Monday, January 28, 2008

Weekend networking

Finally I got a dedicated line internet connection installed back home after what felt like extremely tedious and very long three weeks of application, call center talks, complaints and repairs. I had discontinued the same service(You Telecom) some time back due to same problems. But when I felt an urge for it on weekend trips to home, there was no other option available even after a year. I really wanted to give a try to Airtel connection this time. But anyways, the 'broadband' connection is up and giving a 15kbps download speed (out of expected 192kbps).

The cable modem I got with has two ports, one for ethernet cable and other for usb. When I asked their engineer if I can use these two lines to connect two machines at a time, he denied and said it would need a router. That didn't answer my curiosity about two lines and I gave it a try. My Fedora 8 machine picked up an IP which is strangely not belonging to the modem's network. But after setting up the pppoe connection I could ping one of the servers. Still it did not connect to any other site. Looked like a DNS problem. Not sure if it was a problem with my NetworkManager or it was the server side. But I had to configure the DNS manually. Finally both my machines are connected using single modem without router, contradictory to the service provider's engineer.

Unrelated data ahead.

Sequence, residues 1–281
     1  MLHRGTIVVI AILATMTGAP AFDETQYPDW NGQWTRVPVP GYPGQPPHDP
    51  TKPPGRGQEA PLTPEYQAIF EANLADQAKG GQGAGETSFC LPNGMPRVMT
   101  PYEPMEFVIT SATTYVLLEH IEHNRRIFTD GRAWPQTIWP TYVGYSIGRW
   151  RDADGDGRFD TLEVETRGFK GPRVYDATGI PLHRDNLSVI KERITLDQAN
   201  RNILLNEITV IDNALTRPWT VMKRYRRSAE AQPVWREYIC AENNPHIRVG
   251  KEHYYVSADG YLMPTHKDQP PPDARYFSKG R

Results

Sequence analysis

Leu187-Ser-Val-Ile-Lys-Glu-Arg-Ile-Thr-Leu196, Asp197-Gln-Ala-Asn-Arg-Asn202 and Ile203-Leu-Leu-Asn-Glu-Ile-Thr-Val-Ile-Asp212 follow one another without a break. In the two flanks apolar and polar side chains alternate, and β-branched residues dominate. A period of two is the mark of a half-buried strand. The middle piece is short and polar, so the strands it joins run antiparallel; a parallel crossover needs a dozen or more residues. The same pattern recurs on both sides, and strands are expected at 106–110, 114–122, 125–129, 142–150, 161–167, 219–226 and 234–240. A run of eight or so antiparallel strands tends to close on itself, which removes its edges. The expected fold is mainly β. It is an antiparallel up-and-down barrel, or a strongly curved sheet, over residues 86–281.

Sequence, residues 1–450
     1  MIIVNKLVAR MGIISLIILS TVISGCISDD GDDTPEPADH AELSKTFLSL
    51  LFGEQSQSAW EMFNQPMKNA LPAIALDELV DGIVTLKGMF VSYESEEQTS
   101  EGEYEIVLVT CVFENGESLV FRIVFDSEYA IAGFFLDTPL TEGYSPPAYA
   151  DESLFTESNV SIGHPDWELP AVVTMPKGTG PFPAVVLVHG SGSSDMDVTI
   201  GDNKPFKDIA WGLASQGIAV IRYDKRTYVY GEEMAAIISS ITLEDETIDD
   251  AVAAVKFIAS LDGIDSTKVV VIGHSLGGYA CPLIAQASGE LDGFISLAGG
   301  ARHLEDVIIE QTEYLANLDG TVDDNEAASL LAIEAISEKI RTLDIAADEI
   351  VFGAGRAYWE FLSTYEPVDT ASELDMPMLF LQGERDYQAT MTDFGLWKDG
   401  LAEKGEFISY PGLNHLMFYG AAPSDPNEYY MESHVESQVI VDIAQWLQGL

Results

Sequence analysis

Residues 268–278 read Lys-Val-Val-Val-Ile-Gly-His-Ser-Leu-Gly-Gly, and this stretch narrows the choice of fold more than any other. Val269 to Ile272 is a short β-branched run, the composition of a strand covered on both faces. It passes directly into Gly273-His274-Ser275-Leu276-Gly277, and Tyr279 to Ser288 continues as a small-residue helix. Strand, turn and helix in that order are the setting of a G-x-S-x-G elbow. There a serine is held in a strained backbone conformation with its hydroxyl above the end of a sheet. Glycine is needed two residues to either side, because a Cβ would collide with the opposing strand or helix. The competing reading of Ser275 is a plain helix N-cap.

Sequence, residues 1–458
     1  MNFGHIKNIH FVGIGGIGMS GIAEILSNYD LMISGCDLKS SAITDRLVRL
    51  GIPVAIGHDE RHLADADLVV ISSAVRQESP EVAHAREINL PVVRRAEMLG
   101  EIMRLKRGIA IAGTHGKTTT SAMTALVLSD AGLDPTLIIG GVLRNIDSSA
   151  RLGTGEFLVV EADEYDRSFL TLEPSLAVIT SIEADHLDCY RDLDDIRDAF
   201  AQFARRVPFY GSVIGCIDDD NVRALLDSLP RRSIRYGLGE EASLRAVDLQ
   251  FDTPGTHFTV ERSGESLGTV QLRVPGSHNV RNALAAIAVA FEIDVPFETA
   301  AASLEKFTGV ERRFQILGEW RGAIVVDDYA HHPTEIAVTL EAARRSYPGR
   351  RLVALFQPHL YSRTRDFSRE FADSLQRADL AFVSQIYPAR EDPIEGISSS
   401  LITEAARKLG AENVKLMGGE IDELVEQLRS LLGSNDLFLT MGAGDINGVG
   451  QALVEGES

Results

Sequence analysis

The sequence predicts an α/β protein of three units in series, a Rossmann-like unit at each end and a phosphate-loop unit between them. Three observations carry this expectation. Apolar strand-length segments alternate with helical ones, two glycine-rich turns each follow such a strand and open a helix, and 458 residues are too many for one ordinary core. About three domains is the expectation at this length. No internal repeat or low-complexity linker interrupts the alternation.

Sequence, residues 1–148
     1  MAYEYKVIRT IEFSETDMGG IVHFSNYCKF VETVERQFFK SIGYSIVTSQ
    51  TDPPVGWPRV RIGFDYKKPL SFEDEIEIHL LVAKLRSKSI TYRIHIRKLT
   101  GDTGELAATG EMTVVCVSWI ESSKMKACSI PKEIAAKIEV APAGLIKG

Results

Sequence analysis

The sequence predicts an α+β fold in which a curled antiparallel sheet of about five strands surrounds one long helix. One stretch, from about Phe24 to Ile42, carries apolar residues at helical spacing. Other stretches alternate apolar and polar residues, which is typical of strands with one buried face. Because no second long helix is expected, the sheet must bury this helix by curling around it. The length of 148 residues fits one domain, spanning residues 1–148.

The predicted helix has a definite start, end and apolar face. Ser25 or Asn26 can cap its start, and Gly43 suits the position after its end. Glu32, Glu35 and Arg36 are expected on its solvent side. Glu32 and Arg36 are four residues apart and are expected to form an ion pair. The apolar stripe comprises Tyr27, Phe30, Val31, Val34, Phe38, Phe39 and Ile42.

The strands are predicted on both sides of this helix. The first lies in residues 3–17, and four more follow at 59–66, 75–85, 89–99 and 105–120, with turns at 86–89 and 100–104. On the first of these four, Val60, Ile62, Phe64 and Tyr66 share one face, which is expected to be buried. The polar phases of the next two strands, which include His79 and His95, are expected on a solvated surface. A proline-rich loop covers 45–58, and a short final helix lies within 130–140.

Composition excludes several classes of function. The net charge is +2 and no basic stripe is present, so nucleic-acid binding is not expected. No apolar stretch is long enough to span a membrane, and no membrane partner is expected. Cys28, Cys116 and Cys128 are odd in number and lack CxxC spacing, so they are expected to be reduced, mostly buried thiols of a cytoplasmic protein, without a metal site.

But the real problem started thereafter. The very reason I tried all the tricks to get my f8 machine connected was to use the vpn configured on it. For no obvious reason than having a bad luck day, my vpnc kept on complaining "no response from target". After getting a helping hand from some of the online sysadmin friends and googling about it I got to a conclusion that it is most likely a problem from ISP side. They have blocked the VPN!

Now why would an ISP block VPN connections? Why don't they want me to work for my office from home? Are they getting any kind of business model out of it? You will have to pay extra if you want to use our network for business work. In fact hotels, cyber cafes etc. can also block such services and release them under a name of VAS to earn some extra pennies.

I am not sure if my ISP has such plans but I certainly have a plan to call them next morning.

Prior to all these, yesterday I learned on slashdot that one of the largest telecom company in India is planning to setup a massive WiMax connectivity over some cities. Now that wimax is all fine and a free Wifi is still a dream, what I really wait for is a 3G service. Last time I heard about it was, it got stuck due to politics over license between government telecom companies and private ones. Whatever it was, I am more curious to use the Video Calling feature on my cell phone.